The Barbecue Stand This work has been published in the Teen Ink monthly print magazine.

February 28, 2010
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“Two pulled porks, one grilled chicken, and three chips.”

“Fifteen dollars, sir,” I say after a second of calculating. After two summers working at this barbecue stand, I've memorized the prices. I take the $20 bill and spin. Quickly, I duck out of the way as Sara whips a bag of chips from above my head. I crouch and slide a $5 bill from the register. By the time I've gotten correct change, deposited the twenty, and pivoted back to the window, the two pulled porks are ready, along with the chips. I stack them on a plastic platter, Breann places the chicken on the plate, and I hand it to the customer.

“Thanks! The barbecue sauce is around the corner. Have a great day!” Breathe. “Hi! How can I help you today, ma'am?” And so the process repeats until my shift ends.

It's a mirror there, in that 4-by-9-foot stand; if I smile, the customers smile. If I'm pleasant and kind, they are pleasant and kind. If I'm tired or grumpy, they retaliate with harsh, rude tones. People live by the cliché – I will respect you if you respect me.

The tip jar normally starts with only a couple of cents, but as the night progresses the tips increase to $2 or $3 per order. And the more smiley and pleasant I am, the more I can jack up that tip. I lose my sense of space. I am running into coworkers left and right, slipping behind them, gliding under their outstretched arms to get to the fridge, waiting ­outside the door. It's not the lack of space that starts to infect my brain; it's the lack of time. As soon as one customer walks off happy, I'm greeting another, calculating their order, and preparing it. But I am comfortable in this spinning world of ­craziness.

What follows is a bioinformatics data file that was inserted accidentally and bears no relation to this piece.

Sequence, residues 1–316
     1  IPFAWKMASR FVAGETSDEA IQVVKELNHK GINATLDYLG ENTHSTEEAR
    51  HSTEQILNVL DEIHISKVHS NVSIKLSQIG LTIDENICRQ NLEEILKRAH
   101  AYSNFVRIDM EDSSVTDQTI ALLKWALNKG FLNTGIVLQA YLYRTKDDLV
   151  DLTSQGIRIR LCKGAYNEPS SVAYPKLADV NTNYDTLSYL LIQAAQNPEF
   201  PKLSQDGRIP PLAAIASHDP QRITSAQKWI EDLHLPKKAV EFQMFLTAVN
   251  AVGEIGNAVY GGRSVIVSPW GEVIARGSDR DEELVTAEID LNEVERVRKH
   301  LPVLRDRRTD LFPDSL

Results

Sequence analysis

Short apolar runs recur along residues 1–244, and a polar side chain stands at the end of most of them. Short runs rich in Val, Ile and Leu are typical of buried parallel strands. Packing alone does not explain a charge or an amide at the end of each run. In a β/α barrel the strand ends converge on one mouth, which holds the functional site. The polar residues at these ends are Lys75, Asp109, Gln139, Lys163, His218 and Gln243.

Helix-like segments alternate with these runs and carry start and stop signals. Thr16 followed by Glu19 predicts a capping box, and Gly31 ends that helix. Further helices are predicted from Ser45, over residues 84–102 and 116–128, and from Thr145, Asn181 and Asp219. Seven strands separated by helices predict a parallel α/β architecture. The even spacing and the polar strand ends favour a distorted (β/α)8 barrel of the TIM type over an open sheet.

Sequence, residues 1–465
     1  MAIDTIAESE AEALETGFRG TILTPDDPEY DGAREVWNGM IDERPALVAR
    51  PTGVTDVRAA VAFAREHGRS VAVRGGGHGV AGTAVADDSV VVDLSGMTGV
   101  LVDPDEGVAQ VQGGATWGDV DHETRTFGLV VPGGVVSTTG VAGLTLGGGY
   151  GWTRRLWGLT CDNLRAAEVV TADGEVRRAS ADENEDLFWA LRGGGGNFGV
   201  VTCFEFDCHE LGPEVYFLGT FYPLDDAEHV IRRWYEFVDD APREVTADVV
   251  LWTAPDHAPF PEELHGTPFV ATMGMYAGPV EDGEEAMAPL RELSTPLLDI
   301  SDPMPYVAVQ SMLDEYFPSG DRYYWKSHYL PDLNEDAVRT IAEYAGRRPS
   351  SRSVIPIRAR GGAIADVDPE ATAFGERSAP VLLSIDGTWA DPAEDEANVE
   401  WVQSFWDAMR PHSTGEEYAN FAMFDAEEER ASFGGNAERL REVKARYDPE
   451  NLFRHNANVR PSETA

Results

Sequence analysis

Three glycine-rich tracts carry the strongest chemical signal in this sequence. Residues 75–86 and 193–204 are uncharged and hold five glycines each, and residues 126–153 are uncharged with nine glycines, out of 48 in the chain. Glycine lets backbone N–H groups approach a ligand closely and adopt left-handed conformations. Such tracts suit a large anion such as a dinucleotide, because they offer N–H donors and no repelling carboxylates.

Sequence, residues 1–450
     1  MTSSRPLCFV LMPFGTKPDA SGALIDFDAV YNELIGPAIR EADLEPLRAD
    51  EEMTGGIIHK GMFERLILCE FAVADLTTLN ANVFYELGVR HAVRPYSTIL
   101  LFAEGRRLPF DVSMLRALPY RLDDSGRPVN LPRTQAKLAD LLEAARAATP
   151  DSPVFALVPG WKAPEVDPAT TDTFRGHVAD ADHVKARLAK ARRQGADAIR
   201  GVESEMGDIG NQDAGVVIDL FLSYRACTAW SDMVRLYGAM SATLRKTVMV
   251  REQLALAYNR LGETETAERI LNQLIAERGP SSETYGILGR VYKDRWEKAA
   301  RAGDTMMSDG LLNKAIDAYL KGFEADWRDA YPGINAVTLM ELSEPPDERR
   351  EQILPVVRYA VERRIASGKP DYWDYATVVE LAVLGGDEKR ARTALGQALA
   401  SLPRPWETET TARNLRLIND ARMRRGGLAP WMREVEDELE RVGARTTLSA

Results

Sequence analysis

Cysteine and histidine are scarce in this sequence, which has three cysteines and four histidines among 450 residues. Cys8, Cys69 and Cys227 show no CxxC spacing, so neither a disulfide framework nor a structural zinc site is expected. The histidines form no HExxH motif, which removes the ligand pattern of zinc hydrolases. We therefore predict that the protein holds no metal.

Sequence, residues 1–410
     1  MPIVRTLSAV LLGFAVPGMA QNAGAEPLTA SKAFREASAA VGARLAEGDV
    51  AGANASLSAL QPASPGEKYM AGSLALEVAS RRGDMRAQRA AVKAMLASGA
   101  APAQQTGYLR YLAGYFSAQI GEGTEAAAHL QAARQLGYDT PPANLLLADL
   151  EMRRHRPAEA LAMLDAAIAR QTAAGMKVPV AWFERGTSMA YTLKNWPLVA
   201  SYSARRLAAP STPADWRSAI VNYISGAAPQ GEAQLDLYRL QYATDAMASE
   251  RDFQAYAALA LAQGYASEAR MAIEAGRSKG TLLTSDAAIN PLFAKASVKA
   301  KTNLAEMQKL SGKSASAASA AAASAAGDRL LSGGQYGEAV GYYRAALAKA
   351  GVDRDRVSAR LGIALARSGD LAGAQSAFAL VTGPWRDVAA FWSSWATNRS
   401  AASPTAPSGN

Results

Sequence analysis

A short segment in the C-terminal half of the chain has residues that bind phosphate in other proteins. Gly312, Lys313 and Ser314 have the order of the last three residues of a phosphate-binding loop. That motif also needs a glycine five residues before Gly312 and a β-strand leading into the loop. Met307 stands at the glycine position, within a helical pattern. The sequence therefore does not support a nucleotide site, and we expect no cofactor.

This hectic world isn't always the reality for the barbecue stand. Some festivals are sleepers. In other words, no one comes and the few people who do have either already eaten or get food at another stand. Lack of activity tests the mind as well. I park myself on a fold-out chair and fidget helplessly. Breathe.

If I stare out the window, I can watch the world move by. I witness men holding close the women they love; I examine the way friends act when they don't think anyone is looking. Hidden from view, I observe the ways of humanity. The kindness shown between friends and complete strangers. The way people move and interact. I learn about the world without moving from my stoop.

Humans are naturally good. Watch them long enough and it will become apparent, but don't let them catch you staring. When people-watching fails, conversation begins between Sara and me, or Breann, or whoever else is working with me in the stand. We talk about random and personal things. Through boredom, we become friends. The walls around my heart fall: a rare occurrence. I let them into my head: a rarer occurrence. I spill about my past and she tries to help with my present; when I've learned all I need to hear, the roles reverse and I attempt to help her. A Christian radio station plays softly in the background as we live life together.

And then it's over.

Shifts completed, we separate into our diverging lives until the next weekend that we do a shift in the barbecue stand.

This work has been published in the Teen Ink monthly print magazine. This piece has been published in Teen Ink’s monthly print magazine.

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